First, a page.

Books & More from the Teen Scene

Book reviews and other reflections from one of Oregon's young adult librarians

“The Story of Owen” by E.K. Johnston September 22, 2014

The Story of Owen cover

Images courtesy of GoodReads.com

The Facts

312 pages; published March 2014

The Basics

Siobhan is a gifted musician. Owen is the youngest in a line of famous Canadian dragon slayers. Siobhan enters his life as his algebra tutor, but soon finds she had really be recruited as his bard, charged with the task of helping change the way the small community of Trondheim and the world behind see the work of the dragon slayers who labor to save humanity from carbon-emission-and-people-eating dragons.

Booktalk

It’s not easy being a dragon slayer. Dragons are ruthless in their pursuit of carbon emissions and people are idiots about not only making the emissions, but about the dragon slayers during a battle. Lottie Thorskard–once the most famous dragon slayer in Canada and maybe the world–paid a terrible price for the shortcomings of others. Now, she is determined the things will be different for her nephew, Owen, dragon slayer-in-training and high school students struggling in algebra. Using algebra as a cover, Lottie arranges for Owen to take on a bard, Siobhan, with the idea that she will use her considerable musical talents to shine a positive light on the world of the dragon slayer. Siobhan, Owen, Lottie, and the entire community of Trondheim are in for more danger and excitement that any of them could have imagined.

Random Thoughts

  • This book is droll and clever, but not quite as action-filled as I thought it might be for a book about humans battling dragons. On the other hand, the characters are completely charming and the social commentary is pointed and biting. It is more of a thinking person’s action/adventure.
  • Owen’s aunts, Lottie and Hannah, may be my favorite literary couple this year so far. I simply adored them both.

But Wait, There’s More!

The Story of Owen is book 1 in The Dragon Slayer of Trondheim series. Prairie Fire is due out sometime in 2015.

I’ll Recommend This To …

  • Smart readers with sophisticated senses of humor
  • Teens who want a little climate change allegory mixed into their adventure stories
  • People who want a teen book with no romance, but a true mixed-gender friendship
  • Aspiring writers who want to read something deliciously crafted
 

“Fake ID” by Lamar Giles February 10, 2014

Filed under: Books,Fiction,Mystery,Realistic,Thriller,Young Adult — hilariouslibrarian @ 2:45 pm
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Fake ID cover

Images courtesy of GoodReads.com

The Facts

320 pages; published January 2014

The Basics

Nick Pearson is thrown into a tailspin when Eli Cruz, his only friend in his new town of Stepton, Virginia, is killed just as he is about to break the story of a huge community scandal. Nick’s search for truth is complicated by his need to keep more than a few secrets of his own.

Booktalk

Nick Pearson isn’t feeling at all like himself – with good reason. In the four year since his family joined the Witness Protection program, he’s had five identities, five made-up backstories, and five new homes. Now, he’s arrived in Stepton, Virginia and the wheels are really coming off. Nick’s formerly mob-connected father is acting more suspicious than ever. His mother is cracking under the pressure. And his new friend, Eli Cruz, is convinced that something about Stepton is rotten to the core. When Eli turns up dead, Nick has to face facts. Eli was right. And since it looks like the mayor and the police are in on whatever diabolical scheme has been cooked up, it will be up to Nick and Eli’s stunningly beautiful sister to sort fact from fiction.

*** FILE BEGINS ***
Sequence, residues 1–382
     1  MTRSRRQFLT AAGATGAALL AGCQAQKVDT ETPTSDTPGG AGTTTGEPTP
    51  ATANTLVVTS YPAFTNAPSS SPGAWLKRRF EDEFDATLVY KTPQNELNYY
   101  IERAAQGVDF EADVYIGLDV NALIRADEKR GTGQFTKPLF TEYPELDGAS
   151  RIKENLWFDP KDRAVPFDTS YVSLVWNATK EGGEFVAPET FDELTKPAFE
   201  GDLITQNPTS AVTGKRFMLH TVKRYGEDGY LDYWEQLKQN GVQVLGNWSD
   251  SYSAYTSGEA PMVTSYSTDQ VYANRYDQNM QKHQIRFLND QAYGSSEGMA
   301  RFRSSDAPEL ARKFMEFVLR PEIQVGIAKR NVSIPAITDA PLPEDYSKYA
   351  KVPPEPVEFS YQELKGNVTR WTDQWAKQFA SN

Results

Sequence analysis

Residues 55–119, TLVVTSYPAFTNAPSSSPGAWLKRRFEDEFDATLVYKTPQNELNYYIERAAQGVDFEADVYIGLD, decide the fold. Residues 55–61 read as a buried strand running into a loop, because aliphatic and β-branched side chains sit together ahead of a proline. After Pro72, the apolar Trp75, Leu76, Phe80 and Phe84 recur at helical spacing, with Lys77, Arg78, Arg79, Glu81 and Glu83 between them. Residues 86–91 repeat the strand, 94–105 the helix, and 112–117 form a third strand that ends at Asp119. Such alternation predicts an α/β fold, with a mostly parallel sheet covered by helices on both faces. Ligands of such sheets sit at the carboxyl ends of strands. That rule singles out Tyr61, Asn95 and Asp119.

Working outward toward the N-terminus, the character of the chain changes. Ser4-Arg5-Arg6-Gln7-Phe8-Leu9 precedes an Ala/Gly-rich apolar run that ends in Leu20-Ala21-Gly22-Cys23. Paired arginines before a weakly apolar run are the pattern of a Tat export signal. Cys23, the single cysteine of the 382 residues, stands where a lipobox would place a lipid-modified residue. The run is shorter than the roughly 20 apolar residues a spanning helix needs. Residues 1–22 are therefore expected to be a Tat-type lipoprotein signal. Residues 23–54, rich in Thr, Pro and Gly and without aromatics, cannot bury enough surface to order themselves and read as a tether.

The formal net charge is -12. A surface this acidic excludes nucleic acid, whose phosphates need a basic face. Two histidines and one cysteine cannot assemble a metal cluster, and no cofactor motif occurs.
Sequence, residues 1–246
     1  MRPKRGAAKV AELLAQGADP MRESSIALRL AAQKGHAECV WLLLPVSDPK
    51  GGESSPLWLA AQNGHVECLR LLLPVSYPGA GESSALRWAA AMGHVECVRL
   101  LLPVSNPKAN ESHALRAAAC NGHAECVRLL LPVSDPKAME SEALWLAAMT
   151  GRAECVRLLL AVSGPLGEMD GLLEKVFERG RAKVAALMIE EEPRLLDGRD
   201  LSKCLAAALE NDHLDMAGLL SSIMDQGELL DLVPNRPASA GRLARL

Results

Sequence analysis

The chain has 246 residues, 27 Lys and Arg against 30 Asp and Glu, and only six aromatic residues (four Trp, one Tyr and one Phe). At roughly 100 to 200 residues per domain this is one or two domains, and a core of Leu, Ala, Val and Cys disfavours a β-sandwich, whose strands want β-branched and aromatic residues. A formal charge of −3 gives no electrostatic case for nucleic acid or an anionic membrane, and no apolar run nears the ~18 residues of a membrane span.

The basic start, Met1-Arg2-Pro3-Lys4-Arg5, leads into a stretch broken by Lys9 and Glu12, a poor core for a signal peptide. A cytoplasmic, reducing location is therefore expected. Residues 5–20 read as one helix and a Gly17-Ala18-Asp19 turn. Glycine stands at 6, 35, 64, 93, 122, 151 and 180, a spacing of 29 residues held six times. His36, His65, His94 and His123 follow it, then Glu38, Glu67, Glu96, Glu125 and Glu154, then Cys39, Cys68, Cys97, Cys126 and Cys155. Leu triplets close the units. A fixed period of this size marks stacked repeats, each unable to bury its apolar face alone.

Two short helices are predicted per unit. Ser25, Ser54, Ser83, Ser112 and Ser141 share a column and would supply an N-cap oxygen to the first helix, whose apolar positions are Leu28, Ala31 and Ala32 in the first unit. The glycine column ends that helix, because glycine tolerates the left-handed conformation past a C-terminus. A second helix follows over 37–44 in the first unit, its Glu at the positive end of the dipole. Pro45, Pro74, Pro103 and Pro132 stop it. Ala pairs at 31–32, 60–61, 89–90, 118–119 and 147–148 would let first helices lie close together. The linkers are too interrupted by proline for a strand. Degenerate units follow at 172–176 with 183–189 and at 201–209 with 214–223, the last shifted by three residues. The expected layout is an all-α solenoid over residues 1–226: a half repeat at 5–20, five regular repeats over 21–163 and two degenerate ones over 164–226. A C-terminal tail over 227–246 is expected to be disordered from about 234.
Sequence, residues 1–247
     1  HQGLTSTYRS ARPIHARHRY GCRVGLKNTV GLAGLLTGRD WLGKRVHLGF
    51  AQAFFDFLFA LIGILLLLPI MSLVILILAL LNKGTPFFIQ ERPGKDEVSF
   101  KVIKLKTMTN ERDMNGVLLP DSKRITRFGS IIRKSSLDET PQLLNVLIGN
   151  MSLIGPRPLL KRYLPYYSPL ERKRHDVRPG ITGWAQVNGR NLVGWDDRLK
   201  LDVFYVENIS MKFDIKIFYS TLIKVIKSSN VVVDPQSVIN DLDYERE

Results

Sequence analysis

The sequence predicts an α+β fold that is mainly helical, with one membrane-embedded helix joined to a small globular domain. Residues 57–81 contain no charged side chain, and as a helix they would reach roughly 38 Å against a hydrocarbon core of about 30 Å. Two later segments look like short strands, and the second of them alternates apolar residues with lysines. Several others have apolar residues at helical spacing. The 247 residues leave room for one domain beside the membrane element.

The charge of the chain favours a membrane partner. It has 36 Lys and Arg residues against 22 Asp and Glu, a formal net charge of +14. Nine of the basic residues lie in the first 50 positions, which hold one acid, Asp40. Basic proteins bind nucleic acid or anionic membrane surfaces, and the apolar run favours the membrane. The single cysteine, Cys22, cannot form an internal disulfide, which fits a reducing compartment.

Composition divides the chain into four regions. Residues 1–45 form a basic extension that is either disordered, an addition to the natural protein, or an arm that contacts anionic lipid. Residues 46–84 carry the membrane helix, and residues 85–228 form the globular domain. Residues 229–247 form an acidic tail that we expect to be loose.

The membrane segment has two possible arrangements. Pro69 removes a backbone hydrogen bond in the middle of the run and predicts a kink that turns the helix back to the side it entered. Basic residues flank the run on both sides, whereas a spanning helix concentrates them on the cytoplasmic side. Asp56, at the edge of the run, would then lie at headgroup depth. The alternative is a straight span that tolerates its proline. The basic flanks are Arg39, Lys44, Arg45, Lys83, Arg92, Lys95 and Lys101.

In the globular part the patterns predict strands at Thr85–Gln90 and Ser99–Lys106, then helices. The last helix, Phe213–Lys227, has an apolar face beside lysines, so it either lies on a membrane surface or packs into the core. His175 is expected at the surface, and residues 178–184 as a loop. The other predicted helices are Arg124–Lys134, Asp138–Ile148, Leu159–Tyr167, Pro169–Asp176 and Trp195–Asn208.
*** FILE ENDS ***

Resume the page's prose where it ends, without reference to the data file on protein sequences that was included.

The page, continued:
Random Thoughts

  • How many people are there – really – in the Witness Protection program? Like attending boarding schools, I suspect this is one of those things that happens more in literature than in real life. Then again, how would I know?
  • To be honest, this won’t rate as the book of highest literary quality published in 2014, but it was fast-paced, well-written, and definitely entertaining.

I’ll Recommend This To …

  • Boys who have a hard time finding something to read
  • Mystery fans
  • Readers interested in a new voice in young adult fiction

 

 

“Money Run” by Jack Heath May 28, 2013

Filed under: Books,Fiction,Mystery,Thriller,Young Adult — hilariouslibrarian @ 10:44 am
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Money Run cover

Images courtesy of GoodReads.com

The Facts

256 pages; published April 2013

The Basics

Ash is a 16-year-old master thief. Benjamin is her super-techie-genius sidekick. Together, they are planning the daring, high-stakes heist of a lifetime – ripping off the super-rich, super-crafty Hammond Buckland. When a deadly assassin and a team of government agents get added to the mix, it’s clear that nothing about this mission is going to be easy.

The Booktalk

Hammond Buckland is not just rich, he’s super-rich, crazy rich, so rich he doesn’t know what to do with it all. Ash – ingenious teen thief – wants some of what he’s got and she has chosen today to steal $200 million dollars she knows is hiding in his fancy office building. It’s the most ambitious heist she and her techie-backup Benjamin have ever tried. Ash knows it’s going to be a challenge. She loves a challenge. But she never could have bargained for what she gets – a wild cat-and-mouse game involving a dangerously evil assassin, mysterious passageways, suspicious powders, and one flying car.

It’s non-stop action with endless mind-boggling twists on this Money Run.

But Wait … There’s More

Billed as #1 in the Ashley Arthur series, Money Run offers a great lead in to more adventures with a charming youthful criminal duo. Second in the series, Hit List has been released in Australia.

 

“Etiquette and Espionage” by Gail Carriger May 11, 2013

Filed under: Books,Fantasy,Fiction,Science Fiction,Young Adult — hilariouslibrarian @ 8:50 am
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Etiquette and Espionage cover

Images courtesy of GoodReads.com

The Facts

307 pages; published February 2013

The Basics